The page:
Despite headlines proclaiming growth and progress, the funding gap for female and BIPOC-founded startups remains significant. Halfway through 2021, the funding for U.S. startups led by Black women had already outpaced the total from 2018 (the previous five-year high), but the $494 million raised at that stage still represented just 0.34% of total venture capital spent. Part of this gap is the size of funding, with the most investments in Black women-founded businesses happening in the seed or Series A stages, but there are several other barriers the industry needs to address, because when we’re gatekeeping funding to a part of the population, we’re cutting out the opportunity for women and people of color to thrive in society and create even more opportunities for others.
For Black founders, as a whole, $1.8 billion in the first half of 2021 represents just 1.2% of the $147 billion raised for all startups. Only 17% of VC funding went to companies with at least one female founder. Overall, only 4.9% of VC partners are women, and only 0.4% are women of color. Despite the number of companies started by women growing to 40% in recent years, the VC backing has only recently started to move — and not nearly enough.
The gap may be closing, but it remains significant to the point of having a negative impact on the economy. Eugene Cornelius of the Milken Institute recently noted that the lack of funding to BIPOC and female founders reduces annual GDP by as much as $4.5 trillion. Lack of funding for more than half the population results in reduced innovation, limited opportunities and the dissolution of ideas that could supplement and grow the overall economy.
In many parts of the world, women of all backgrounds show massive strength, leadership and innovation in any subject they contribute to, and by giving them an opportunity to make a difference in their field, we will make a difference in the world.
To address the pervasive funding gap and disparity in how companies are started, funded and grown, action is needed. Here are five ways we’re doing our part and recommending others explore to address the gap:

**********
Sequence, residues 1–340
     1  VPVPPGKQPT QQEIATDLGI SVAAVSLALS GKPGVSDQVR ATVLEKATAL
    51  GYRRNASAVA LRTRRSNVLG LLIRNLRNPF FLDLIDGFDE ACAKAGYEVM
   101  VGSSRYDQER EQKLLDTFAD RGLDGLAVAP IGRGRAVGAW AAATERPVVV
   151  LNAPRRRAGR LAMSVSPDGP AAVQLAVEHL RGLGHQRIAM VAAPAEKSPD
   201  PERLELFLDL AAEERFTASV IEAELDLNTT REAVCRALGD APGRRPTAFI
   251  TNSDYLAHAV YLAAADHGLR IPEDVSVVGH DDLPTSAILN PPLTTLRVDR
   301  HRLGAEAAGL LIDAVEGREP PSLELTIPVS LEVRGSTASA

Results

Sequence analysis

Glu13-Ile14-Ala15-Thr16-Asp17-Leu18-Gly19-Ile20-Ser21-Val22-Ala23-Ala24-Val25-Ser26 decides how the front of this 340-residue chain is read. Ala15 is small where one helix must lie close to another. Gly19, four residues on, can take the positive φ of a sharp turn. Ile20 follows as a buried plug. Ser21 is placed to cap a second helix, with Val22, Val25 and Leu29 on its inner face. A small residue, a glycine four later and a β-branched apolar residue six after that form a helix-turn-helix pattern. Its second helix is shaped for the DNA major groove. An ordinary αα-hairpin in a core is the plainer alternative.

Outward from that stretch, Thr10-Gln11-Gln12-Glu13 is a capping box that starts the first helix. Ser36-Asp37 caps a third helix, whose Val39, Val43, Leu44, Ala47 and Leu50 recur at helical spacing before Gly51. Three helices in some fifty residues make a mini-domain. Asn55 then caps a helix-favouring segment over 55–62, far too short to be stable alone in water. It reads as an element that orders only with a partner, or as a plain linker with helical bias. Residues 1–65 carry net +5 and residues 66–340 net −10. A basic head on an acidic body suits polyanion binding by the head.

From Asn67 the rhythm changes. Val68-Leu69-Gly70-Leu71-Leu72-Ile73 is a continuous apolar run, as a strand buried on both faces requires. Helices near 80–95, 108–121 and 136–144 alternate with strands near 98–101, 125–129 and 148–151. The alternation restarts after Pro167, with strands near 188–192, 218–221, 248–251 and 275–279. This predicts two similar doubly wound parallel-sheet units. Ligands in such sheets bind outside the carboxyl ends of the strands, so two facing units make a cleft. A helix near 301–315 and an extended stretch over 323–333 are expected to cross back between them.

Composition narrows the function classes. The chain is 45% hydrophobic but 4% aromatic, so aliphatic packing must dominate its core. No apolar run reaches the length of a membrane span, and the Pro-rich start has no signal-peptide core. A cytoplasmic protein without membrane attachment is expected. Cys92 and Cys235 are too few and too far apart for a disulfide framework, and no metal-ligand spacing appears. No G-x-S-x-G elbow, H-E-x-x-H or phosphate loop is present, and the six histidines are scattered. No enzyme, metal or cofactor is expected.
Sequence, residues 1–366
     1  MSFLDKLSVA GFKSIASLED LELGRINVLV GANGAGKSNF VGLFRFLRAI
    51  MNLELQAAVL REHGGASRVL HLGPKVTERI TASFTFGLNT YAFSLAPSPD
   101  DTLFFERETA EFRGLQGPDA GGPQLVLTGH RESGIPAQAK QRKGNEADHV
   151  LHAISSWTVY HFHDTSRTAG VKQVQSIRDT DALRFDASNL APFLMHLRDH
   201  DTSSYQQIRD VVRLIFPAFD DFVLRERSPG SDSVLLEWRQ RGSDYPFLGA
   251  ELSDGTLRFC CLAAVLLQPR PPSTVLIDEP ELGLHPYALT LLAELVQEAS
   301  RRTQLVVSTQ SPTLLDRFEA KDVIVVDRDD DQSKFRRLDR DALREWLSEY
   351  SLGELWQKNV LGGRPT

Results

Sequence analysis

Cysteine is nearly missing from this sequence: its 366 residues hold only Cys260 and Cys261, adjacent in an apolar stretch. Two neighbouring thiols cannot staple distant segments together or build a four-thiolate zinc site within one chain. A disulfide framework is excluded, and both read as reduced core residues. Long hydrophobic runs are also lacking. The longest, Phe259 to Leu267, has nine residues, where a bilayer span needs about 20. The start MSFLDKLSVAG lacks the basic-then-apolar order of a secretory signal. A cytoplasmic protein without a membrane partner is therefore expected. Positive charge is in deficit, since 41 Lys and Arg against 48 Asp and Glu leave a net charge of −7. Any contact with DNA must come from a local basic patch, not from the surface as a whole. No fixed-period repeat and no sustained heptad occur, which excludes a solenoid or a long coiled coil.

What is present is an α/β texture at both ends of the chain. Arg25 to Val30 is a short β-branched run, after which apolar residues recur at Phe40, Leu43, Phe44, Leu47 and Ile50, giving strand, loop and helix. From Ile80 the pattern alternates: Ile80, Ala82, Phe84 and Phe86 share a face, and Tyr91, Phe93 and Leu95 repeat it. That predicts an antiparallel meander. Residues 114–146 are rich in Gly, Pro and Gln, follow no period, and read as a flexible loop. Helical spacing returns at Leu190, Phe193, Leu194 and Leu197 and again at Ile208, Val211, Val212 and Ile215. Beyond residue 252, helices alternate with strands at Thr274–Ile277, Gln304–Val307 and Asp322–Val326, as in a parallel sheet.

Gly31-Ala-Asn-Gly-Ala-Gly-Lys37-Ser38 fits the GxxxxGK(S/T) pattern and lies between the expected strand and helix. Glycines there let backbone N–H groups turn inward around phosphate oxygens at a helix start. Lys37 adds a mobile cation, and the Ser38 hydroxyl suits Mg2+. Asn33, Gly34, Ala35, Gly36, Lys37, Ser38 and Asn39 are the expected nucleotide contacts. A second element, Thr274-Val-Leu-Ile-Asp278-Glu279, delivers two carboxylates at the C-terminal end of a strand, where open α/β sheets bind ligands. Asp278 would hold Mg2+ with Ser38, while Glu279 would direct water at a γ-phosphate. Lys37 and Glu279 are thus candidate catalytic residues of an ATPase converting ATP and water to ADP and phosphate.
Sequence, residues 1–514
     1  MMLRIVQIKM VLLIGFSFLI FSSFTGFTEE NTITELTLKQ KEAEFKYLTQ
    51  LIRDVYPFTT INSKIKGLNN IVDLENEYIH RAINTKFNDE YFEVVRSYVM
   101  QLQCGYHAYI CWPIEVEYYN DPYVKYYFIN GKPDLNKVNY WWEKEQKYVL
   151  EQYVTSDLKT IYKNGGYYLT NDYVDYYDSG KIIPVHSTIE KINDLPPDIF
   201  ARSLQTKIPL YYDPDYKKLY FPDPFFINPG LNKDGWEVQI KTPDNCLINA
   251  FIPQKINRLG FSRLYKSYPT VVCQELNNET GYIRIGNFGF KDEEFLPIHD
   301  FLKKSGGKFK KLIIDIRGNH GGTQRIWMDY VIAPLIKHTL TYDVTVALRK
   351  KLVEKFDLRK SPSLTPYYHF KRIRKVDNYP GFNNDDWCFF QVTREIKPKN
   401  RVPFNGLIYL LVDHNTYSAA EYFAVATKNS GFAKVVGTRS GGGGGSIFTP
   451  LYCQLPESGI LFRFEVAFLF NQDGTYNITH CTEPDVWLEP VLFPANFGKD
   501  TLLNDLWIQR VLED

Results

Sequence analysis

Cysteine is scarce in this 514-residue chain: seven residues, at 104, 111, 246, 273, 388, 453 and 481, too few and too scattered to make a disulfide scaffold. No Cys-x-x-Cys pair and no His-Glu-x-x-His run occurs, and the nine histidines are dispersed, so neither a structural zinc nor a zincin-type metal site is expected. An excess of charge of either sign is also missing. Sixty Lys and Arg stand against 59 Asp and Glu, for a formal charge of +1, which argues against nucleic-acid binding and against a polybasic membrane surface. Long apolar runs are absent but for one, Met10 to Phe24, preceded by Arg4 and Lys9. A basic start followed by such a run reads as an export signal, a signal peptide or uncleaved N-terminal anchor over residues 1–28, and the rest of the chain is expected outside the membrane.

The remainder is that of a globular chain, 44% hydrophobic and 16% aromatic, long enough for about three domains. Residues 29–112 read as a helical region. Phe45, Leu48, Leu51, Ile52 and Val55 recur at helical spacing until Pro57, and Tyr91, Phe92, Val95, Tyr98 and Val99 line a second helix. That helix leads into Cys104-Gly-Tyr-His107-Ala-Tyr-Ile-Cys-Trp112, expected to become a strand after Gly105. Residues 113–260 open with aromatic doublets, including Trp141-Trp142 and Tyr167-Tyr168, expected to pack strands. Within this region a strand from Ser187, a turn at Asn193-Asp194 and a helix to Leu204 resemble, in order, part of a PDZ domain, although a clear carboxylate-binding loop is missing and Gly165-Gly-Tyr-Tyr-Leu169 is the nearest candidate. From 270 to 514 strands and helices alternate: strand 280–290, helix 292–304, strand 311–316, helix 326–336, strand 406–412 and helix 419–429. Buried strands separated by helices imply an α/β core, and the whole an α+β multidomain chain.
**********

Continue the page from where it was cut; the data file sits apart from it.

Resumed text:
Participate in BIPOC and female-oriented VC events and groups
If the current apparatus by which startups are identified, selected and funded is tilted in such a way that less than 20% have one or more female founders, then the selection process needs to change. This starts with how startups are identified and engaged. Events such as the Women’s Venture Summit and Impact Capital Forum’s focus on BIPOC and female-focused investment are becoming increasingly common. They are an effective way for investors to find and engage with founders who may have been excluded or discouraged from participating in traditional channels that have been historically white and male.
Another strategy that is working well is the use of scout funds that provide opportunities to connect female entrepreneurs with investors. You can join events by groups such as Fyli, launched by Jaclynn Brennan & Yanyi Li, the “female mastermind membership community,” which focuses on educational masterclasses, mentorship and funding opportunities for early-stage female founders. A crypto-based opportunity is in the Bad Bitch Empire, founded by Lisa Carmen Wang, which connects women investors to women-founded Web3 companies and has a long list of male allies working in the space to help them achieve their goals.